Christopher Antes, head of Turbomachinery at MAN Diesel & Turbo, talks to PEi about the latest trends turbine manufacturers are witnessing, emissions control and European energy policies

PEi: What policy decisions from governments would stimulate your sector in Europe and elsewhere?

A: In general, electricity prices are at a low level, which favours old and outdated power plants that use fossil fuels such as coal. On the other hand, though, high amounts of funding are being put into the expansion of renewable electricity generation in many countries. Here in Germany the ‘energy revolution’ – or Energiewende – is a prime example. We already have so much fluctuating solar and, above all, wind power in the grid that its capacity is exceeded on productive days and planned massive power lines and storage options are currently the subject of heated public debate. The need now is not for further expansion but for mastery of the situation. When wind turbines have to be switched off because of overcapacity, this is of no help to anyone. In our view, small gas power plants make particular sense. As they are decentralized, they are in a position to stabilize the grid very quickly. And if they are realized as CHP plants, they have compelling efficiency levels of over 80 per cent. Natural gas is also a comparatively low-emission fuel. However, investment incentives have been reduced rather than increased for precisely these types of plant. As a member of the Association of German Machinery and Plant Manufacturers (VDMA) we supported its calls for a general shift of policy in Germany towards decentralized CHP. The current statements of some of our politicians calling for a move away from the target of 25 per cent CHP share of the German energy market in 2020 is a bad sign for efficient and easily controllable decentralized power plants. We are therefore hoping for a rethink.

I have quoted this example because Germany, with its ambition of an energy revolution, is under global scrutiny. We are seeking dialogue with politicians and very much hope that our proposed solutions will be heard. The right technology exists. Only if the Energiewende works with us can it set an example worldwide. And that would help not only our sector but others too.

PEi: Which region of the world currently offers the most turbomachinery potential for MAN Diesel & Turbo? And why?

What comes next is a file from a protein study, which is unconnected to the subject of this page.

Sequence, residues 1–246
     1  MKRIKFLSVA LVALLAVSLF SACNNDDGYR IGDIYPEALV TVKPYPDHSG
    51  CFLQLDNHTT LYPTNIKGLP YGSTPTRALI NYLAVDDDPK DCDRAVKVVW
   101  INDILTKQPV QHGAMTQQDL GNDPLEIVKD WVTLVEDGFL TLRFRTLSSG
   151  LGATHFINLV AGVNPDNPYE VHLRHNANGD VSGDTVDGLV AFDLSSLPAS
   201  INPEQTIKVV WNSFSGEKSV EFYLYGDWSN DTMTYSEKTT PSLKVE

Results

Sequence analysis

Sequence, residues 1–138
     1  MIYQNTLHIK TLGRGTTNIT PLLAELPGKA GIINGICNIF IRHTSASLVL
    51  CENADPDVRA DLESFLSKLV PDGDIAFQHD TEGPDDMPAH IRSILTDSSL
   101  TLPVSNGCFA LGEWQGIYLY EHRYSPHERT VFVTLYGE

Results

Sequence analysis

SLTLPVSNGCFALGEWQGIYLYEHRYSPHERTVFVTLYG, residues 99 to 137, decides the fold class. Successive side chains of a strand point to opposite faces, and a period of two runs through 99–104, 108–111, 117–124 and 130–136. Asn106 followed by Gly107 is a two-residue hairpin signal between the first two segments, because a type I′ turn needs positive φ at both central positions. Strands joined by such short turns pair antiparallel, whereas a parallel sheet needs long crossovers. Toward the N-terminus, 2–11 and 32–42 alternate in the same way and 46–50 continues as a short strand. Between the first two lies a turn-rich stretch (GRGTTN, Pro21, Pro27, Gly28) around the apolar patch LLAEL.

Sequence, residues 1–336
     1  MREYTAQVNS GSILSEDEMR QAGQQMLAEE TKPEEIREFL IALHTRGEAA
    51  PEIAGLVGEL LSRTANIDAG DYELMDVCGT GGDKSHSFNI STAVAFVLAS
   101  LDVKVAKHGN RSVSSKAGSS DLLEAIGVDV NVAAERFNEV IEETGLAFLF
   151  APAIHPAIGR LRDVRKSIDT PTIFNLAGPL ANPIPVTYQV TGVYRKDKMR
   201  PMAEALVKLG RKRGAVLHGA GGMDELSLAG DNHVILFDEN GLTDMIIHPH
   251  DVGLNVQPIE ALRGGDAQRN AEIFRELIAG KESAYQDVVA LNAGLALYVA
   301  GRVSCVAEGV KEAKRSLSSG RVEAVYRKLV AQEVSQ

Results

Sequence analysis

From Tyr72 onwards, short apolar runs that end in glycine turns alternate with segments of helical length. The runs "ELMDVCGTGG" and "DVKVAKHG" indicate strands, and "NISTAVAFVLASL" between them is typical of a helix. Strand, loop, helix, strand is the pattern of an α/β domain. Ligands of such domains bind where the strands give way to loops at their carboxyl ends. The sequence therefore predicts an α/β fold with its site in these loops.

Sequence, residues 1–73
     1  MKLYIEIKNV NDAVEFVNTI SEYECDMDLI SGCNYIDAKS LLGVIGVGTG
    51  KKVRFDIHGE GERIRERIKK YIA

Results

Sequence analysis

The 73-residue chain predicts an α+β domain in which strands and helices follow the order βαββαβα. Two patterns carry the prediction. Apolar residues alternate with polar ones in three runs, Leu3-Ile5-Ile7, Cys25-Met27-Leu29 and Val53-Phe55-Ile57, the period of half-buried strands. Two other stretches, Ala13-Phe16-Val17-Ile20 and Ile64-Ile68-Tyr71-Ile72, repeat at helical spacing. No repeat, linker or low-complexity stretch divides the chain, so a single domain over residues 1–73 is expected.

A: There is more than one answer to this question. In the US the shale gas boom has tapped undreamt-of reserves and stimulated the natural gas market worldwide. In Asia and Africa, efforts are being made to generate electricity more efficiently and more cleanly. This has not, however, produced a clearly identifiable focus of activity for us. Our range of turbomachinery products includes compressors and expanders for the oil, gas and process industries as well as steam turbines up to 160 MW and gas turbines up to 13 MW. We supply turbines as a drive solution for our compressors. This performance range is also suitable for decentralized industrial power generation where we can serve various small types of plants such as cogeneration, waste incineration and biomass as well as combined-cycle. Essentially, we offer solutions for which there is worldwide potential. What this means in practice is that we tend to identify trends for particular regions in terms of the type of power plant.

PEi: Can you illustrate this with examples?

Up to now the UK has exported and disposed of a large proportion of its waste abroad. The country is now building up its national waste incineration capacities and therefore creating new projects. Here we are currently supplying the complete turbine generator set for the construction of the highly efficient Wilton 11 waste incineration plant in Middlesbrough. Our DK 100/400 R condensation steam turbine will generate up to 50 MW of electricity.